Request Checked Items
University of Texas at Austin

Harold Pinter:

An Inventory of His Collection at the Harry Ransom Humanities Research Center

Creator: Pinter, Harold, 1930-
Title: Harold Pinter Collection
Dates: 1960-1980
Extent: 2 boxes (.83 linear feet)
Abstract: This collection consists primarily of scripts of Pinter's radio plays, stage plays, and screenplays.
Call Number: Manuscript Collection MS-03267
Language: English.
Access Open for research

Administrative Information

Acquisition Purchases, 1969, 1981, 1995 (R4957, R9261, R13540)
Processed by Katherine Mosley, 1999

Harry Ransom Center, The University of Texas at Austin

Biographical Sketch

One of England's most important playwrights, Harold Pinter was born in Hackney, near the East End of London, on October 10, 1930. The son of tailor Hyman "Jack" Pinter and Frances Mann Pinter, he grew up in a working class environment. While attending Hackney Downs Grammar School, he became interested in acting and participated in school productions, and he also began writing essays and poetry. In 1948 Pinter was admitted to the Royal Academy of Dramatic Art, but he left after two terms. From then until 1958 he worked as an actor, using the name David Baron from 1954 to 1958. He acted in BBC radio programs, attended the Central School of Speech and Drama (1951), toured Ireland with Anew McMaster's Shakespearean repertory company for 18 months, and then worked in various other repertory companies, including Donald Wolfit's Shakespearean company.
During that time, Pinter continued to write poetry and short prose pieces; his poetry was first published in Poetry London in 1950 under the pseudonym Harold Pinta. In 1957 Pinter was asked to write a play for the drama department at Bristol University, and in four days he wrote The Room, which was very well received and was entered in the Sunday Times student drama festival. A favorable review of that play led Michael Codron to produce Pinter's next play, The Birthday Party, which was not successful and closed after a week's time. However, his second full-length play, The Caretaker (1960), received critical acclaim. A prolific writer, Pinter went on to write numerous radio plays, television plays, and short plays, as well as full-length plays, for the stage. A Slight Ache (1959), which had been commissioned by the BBC and was later adapted for the stage, gained him the attention of a broader public. From then on, his reputation grew until he became known as one of the most influential and important dramatists of post-war England, responsible for the creation of two new dramatic terms, "Pinteresque" (defining his unique style) and "Pinter pause" (referring to his use of meaningful silences). The Homecoming (1965) is widely considered Pinter's best and most important play, but his other full-length plays, such as Old Times (1971) and Betrayal (1978), have also been significant. In addition to his stage and radio plays, Pinter has written screenplays, including The Servant (1962), Accident (1967), The Go-Between (1971), The French Lieutenant's Woman (1981), Turtle Diary (1985), The Trial (1989), and The Handmaid's Tale (1990), among others. Pinter did not abandon his interest in poetry; besides publishing several volumes of poetry, he has also edited anthologies of poetry, including Ninety-Nine Poems in Translation (1994).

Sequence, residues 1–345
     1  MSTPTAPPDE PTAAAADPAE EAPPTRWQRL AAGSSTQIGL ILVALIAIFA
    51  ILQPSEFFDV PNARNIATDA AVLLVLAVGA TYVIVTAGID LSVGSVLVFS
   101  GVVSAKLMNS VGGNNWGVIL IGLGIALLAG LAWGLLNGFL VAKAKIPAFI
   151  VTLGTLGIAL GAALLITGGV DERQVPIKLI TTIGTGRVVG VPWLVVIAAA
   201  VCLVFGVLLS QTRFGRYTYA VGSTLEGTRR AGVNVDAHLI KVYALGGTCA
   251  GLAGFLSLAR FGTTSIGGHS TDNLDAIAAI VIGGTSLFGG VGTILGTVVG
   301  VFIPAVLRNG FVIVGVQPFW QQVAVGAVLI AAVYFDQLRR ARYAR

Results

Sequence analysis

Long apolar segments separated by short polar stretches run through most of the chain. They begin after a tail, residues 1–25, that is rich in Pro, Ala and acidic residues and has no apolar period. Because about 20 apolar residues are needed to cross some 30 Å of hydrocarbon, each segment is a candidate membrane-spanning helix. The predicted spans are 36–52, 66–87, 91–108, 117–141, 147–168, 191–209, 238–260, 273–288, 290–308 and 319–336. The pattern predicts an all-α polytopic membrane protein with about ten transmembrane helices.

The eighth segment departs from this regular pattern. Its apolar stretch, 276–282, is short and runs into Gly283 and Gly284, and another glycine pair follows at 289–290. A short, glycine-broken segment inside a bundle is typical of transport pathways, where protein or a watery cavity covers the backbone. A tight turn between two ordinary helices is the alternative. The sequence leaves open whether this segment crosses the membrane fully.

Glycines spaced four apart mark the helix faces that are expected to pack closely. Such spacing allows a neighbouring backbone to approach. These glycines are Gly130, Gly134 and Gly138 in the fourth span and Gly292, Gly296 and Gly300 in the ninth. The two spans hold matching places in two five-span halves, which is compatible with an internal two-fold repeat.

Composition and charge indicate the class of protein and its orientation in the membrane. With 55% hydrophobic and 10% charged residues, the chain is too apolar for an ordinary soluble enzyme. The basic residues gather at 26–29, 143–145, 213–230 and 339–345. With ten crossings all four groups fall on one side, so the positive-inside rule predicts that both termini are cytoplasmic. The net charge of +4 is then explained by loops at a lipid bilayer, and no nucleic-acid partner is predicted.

Pinter is an accomplished director and has directed productions of his own plays and others; he served as Associate Director at the National Theatre from 1973 until 1983.
Pinter has been married twice: first to actress Vivien Merchant (1956-80), with whom he had one son, and second to author Lady Antonia Fraser (1980-).